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Canada Lynx Coming Back to Vermont
by Jennifer Linforth and Rachel Cliche
Photo credit: USFWS
What were lynx doing in Vermont last year? Just passing through? Or are they here to stay?
The answers to these questions will help biologists determine the role of the Nulhegan Basin Division of the Silvio O. Conte National Fish and Wildlife Refuge in managing the future of these nocturnal and secretive creatures. Here, at the southernmost tip of their range, Canada lynx can find pockets of the specific mixed-conifer forest they need to thrive.
Historically, only four confirmed sightings of the notoriously rare lynx occurred in Vermont from the late 1700s to early 2000s. Their status led to protection under the federal Endangered Species Act in 2000. But since 2003, sightings have continued to increase—most of which have been on public lands in the Nulhegan Basin.
A combination of the right balance of habitat, deep snow and an abundance of prey made the basin the targeted location for an in-depth, systematic survey of lynx in the state.
So in the winter of 2012, Vermont Fish and Wildlife Department and Silvio O. Conte refuge staff set out to track a 26,000-acre division where lynx were confirmed. Surveys like this aim to determine the full extent and distribution of lynx in Vermont.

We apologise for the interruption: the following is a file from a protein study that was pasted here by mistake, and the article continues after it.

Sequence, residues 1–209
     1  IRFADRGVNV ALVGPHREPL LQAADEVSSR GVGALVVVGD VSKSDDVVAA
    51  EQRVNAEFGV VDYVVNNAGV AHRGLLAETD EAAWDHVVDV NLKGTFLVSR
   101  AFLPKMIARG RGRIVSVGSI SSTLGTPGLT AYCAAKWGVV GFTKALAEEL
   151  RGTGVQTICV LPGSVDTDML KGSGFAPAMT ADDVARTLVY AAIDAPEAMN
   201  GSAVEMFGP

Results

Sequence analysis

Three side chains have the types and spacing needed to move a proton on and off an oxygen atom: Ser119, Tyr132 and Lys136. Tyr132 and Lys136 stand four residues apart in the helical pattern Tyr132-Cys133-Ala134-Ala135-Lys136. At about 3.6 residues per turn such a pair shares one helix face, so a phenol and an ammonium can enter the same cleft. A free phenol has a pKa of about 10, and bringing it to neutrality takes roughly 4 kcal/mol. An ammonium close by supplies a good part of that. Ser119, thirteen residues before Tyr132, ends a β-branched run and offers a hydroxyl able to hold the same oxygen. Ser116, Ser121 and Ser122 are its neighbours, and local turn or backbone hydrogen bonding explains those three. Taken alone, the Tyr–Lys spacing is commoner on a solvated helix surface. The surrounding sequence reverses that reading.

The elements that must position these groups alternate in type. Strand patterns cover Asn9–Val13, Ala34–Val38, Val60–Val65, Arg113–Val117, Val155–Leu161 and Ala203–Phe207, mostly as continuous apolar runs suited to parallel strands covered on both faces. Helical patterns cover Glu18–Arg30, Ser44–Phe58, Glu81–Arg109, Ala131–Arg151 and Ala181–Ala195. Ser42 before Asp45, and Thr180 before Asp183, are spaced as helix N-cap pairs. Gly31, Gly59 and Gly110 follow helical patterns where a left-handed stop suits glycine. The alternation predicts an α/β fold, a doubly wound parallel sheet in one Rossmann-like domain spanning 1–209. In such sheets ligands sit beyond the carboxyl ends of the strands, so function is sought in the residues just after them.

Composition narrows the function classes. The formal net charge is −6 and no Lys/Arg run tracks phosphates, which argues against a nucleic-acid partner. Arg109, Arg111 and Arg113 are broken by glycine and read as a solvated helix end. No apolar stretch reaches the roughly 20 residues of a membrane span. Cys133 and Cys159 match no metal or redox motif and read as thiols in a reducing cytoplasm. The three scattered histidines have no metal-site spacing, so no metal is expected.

Photo used with permission of Keith Williams / Creative Commons
Using snowmobiles, biologists surveyed a total of 71 kilometers of transects for lynx tracks. How they surveyed was critical:
- Technicians worked within 48 hours of a fresh snowfall to give the lynx time to lay fresh, easily detectable tracks.
- The division was surveyed by snowmobile, including active snowmobile trails, and roads closed to recreational snowmobiles, to cover as much area as possible.
- Each intercepted lynx track was measured, logged via GPS, direction of travel indicated and then photographed. Other species were recorded as well, including bobcat, fisher, and the lynx’s primary food source, the snowshoe hare.
- DNA material from scat and fur was also collected for analysis, and the entire survey was designed to be completed within 10 hours of its commencement to maintain the integrity of the project.
Eight lynx track intercepts were recorded in February and March of 2012. Some of the track patterns showed four individuals traveling together—suggesting an adult female and her kittens. A family group was documented again in 2013, confirming the presence of a breeding population of lynx in northeast Vermont.
“Federal and state biologists continue to work together to determine the occurrence of lynx in other areas of northeast Vermont, as well as to obtain a better understanding of snowshoe hare populations in the state,” says biologist Rachel Cliche with the Silvio O. Conte National Fish and Wildlife Refuge. “This information will help us be more proactive in our lynx conservation efforts.”
Lynx likely dispersed from Maine following a population boom there. While this is encouraging, predictions of warming temperatures and reduced snowfall in the coming years may cause the range of the lynx to shift northward toward more suitable habitat and less competition with fisher and bobcat.
Jennifer Linforth, with the Division of Program and Partnership Support in the Service's headquarter's office in Arlington, VA, can be reached at email@example.com Rachel Cliche at the Nulhegan Basin Division of the Silvio O. Conte National Wildlife Refuge can be reached at Rachel_Cliche@fws.gov.
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